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Editorial: Vulnerable class of society

Women in Afghanistan have been constantly suppressed and their rights violated, partly due to the never-ending conflicts. Although their situation has improved to some extent over the past one and a half decades, they still face violence across the country. Among many others, a few of the improvements could be cited as the number of Afghan girls in school being increased by six-fold compared to 18 years back, over 2,500 women joining the police force, and nearly 300 women judges working in the judicial sector. Despite all this, the Ministry of Women’s Affairs said that as many as 6,449 cases of violence against women, including 21 murders, have been registered in Afghanistan this year. Marking the International Day for the Elimination of Violence against Women, the ministry said cases of violence against women had increased this year, compared to last year’s across the country. This is while the Afghanistan Independent Human Rights Commission (AIHRC) a few days back had reported that 2,800 cases of violence against women had been registered during the first seven months of this year, showing a nine percent increase to last year.

Being beaten, insulted, sexually abused and enduring domestic violence are some of the many manifestations of violence that women are unfortunately subjected to in Afghanistan. Women face violence mostly in rural areas and far-flung parts of the country due to cultural barriers, and lack of courts and proper institutions to address their issues. According to the minister, insecurity, powerful individuals’ involvement and kangaroo courts are the major factors behind the increased violence against women in the country.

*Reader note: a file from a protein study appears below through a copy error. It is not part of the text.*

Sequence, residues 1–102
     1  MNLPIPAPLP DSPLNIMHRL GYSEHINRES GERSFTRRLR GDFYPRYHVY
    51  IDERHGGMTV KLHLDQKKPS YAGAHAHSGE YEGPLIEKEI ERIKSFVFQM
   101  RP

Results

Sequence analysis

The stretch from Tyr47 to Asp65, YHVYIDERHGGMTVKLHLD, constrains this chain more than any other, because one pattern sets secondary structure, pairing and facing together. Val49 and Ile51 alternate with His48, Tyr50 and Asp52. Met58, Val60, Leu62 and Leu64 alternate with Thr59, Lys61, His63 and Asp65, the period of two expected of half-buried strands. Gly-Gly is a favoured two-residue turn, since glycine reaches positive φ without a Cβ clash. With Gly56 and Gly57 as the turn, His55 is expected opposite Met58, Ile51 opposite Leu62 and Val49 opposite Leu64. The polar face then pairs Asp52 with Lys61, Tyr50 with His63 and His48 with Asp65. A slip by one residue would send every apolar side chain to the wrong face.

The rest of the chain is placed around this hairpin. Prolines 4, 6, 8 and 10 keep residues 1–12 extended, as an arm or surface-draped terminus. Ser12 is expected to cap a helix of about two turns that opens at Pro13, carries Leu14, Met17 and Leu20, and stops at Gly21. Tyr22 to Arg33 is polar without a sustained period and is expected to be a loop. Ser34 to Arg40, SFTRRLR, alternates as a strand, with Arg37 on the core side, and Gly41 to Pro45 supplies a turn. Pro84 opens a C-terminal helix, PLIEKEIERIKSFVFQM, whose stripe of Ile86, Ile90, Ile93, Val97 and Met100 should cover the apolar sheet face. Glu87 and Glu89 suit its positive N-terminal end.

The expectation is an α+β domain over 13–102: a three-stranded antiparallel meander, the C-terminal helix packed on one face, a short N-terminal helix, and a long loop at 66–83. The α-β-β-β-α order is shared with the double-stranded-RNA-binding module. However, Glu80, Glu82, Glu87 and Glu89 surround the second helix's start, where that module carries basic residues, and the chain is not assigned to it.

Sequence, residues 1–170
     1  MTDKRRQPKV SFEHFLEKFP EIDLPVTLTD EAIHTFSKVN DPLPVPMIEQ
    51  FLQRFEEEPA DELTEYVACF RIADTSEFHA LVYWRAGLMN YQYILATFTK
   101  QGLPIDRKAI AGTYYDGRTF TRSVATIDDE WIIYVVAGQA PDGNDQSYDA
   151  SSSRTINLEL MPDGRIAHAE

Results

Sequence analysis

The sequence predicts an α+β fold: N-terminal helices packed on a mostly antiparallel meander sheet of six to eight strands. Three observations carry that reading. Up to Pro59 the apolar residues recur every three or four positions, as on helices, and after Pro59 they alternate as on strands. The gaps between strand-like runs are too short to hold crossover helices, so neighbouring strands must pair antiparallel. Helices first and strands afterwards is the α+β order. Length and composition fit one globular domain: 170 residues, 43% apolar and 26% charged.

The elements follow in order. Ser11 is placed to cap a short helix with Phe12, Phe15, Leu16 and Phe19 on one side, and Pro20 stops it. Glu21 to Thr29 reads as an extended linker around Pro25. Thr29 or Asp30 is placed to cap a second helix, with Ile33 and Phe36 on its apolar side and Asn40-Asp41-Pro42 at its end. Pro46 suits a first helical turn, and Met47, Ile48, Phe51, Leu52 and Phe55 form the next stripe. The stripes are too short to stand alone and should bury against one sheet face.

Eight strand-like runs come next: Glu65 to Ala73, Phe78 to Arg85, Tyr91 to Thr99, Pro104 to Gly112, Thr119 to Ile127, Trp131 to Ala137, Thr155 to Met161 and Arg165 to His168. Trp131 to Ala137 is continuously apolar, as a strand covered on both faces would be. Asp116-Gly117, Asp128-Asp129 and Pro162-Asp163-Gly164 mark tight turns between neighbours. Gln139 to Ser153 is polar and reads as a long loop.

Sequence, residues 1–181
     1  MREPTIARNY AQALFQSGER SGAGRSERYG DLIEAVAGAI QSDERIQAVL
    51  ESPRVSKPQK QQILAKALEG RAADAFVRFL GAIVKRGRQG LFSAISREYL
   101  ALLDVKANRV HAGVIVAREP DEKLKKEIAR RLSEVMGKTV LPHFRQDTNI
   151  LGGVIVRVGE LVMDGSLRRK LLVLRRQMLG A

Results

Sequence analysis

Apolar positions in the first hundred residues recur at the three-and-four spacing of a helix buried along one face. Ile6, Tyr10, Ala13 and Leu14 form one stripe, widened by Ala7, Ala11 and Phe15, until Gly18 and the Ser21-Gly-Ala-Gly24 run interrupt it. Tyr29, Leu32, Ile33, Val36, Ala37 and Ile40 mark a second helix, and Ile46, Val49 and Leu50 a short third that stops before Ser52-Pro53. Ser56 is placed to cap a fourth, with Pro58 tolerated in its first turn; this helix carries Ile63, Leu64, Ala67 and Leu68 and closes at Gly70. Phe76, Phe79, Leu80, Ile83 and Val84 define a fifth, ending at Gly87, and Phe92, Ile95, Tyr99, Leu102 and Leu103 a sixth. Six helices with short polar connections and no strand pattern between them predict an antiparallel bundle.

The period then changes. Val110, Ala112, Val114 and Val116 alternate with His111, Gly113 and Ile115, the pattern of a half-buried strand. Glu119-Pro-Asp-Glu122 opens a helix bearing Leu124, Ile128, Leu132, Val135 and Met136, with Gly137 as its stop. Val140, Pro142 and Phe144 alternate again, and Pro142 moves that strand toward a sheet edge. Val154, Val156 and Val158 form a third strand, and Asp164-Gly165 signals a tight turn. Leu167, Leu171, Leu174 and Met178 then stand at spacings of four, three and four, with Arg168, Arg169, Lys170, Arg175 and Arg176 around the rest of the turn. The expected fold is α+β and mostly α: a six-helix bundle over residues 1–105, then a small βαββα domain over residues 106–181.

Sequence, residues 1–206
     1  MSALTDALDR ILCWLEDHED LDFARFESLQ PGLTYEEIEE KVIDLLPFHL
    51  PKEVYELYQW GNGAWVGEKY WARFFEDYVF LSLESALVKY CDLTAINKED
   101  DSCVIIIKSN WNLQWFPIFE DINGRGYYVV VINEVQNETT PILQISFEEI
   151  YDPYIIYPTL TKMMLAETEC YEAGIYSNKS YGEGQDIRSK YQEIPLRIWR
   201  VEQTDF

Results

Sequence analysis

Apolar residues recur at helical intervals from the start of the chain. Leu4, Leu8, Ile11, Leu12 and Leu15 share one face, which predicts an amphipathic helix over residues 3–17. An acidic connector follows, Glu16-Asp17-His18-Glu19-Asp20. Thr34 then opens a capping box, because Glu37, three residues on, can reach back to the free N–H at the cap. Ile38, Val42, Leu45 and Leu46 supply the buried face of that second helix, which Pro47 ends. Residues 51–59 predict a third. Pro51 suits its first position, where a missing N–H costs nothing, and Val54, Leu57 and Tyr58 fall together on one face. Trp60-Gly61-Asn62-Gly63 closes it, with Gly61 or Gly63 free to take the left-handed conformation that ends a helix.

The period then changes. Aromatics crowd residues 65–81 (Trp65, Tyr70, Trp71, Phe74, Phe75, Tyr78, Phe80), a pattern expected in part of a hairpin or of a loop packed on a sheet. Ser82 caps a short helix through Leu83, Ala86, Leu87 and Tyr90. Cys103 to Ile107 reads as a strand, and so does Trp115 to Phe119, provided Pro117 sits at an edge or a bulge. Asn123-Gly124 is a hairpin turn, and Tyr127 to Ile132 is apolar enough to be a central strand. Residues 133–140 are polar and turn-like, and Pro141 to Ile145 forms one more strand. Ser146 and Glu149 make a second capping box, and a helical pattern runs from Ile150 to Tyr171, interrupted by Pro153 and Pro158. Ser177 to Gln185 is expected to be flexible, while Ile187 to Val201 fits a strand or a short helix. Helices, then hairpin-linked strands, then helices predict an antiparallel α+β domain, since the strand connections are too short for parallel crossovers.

Oppression of this most vulnerable classof society can be summarized in the fact that committing violence against women is part of a cultural defect in Afghanistan because it doesn’t carry the social stigma it should.  This coupled with a lack of proper law enforcement and adequate public awareness make the situation even worse for women. However, the solution for swiftly ending this gender-based violence in homes, schools and communities could be found by strengthening the legal framework and law enforcement and punishing the perpetrators properly without any impunity for their crimes. As the relevant ministry has hinted at a law that is being prepared and would be approved next year to prevent violence against women, the process should be accelerated by the government in order to break this cycle of violence. Meanwhile, the Wolesi Jirga or the Lower House of Parliament has demanded allocation of separate funds for enabling women to access their rights – which is a laudable step to be carried out and would go a long way in improving women’s situation. Another important measure is spreading public awareness on the need to eliminate violence towards women with the help of civil society, media and Ulema. The government should step up efforts because there is so much work remained to be done in this sphere.

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